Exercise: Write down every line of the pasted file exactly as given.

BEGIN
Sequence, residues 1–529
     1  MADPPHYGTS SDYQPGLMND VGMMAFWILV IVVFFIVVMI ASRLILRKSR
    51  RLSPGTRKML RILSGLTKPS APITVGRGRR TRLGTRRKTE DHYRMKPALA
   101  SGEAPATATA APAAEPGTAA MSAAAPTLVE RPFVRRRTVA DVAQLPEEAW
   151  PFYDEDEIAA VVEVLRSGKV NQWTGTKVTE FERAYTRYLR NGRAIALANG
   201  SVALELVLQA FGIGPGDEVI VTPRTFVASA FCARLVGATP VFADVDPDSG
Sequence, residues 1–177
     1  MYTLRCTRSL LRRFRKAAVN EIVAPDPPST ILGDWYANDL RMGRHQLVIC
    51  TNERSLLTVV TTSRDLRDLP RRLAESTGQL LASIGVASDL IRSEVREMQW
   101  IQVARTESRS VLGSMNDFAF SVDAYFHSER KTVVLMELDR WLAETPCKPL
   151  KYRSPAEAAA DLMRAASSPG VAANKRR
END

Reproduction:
Sequence, residues 1–529
     1  MADPPHYGTS SDYQPGLMND VGMMAFWILV IVVFFIVVMI ASRLILRKSR
    51  RLSPGTRKML RILSGLTKPS APITVGRGRR TRLGTRRKTE DHYRMKPALA
   101  SGEAPATATA APAAEPGTAA MSAAAPTLVE RPFVRRRTVA DVAQLPEEAW
   151  PFYDEDEIAA VVEVLRSGKV NQWTGTKVTE FERAYTRYLR NGRAIALANG
   201  SVALELVLQA FGIGPGDEVI VTPRTFVASA FCARLVGATP VFADVDPDSG
Sequence, residues 1–177
     1  MYTLRCTRSL LRRFRKAAVN EIVAPDPPST ILGDWYANDL RMGRHQLVIC
    51  TNERSLLTVV TTSRDLRDLP RRLAESTGQL LASIGVASDL IRSEVREMQW
   101  IQVARTESRS VLGSMNDFAF SVDAYFHSER KTVVLMELDR WLAETPCKPL
   151  KYRSPAEAAA DLMRAASSPG VAANKRR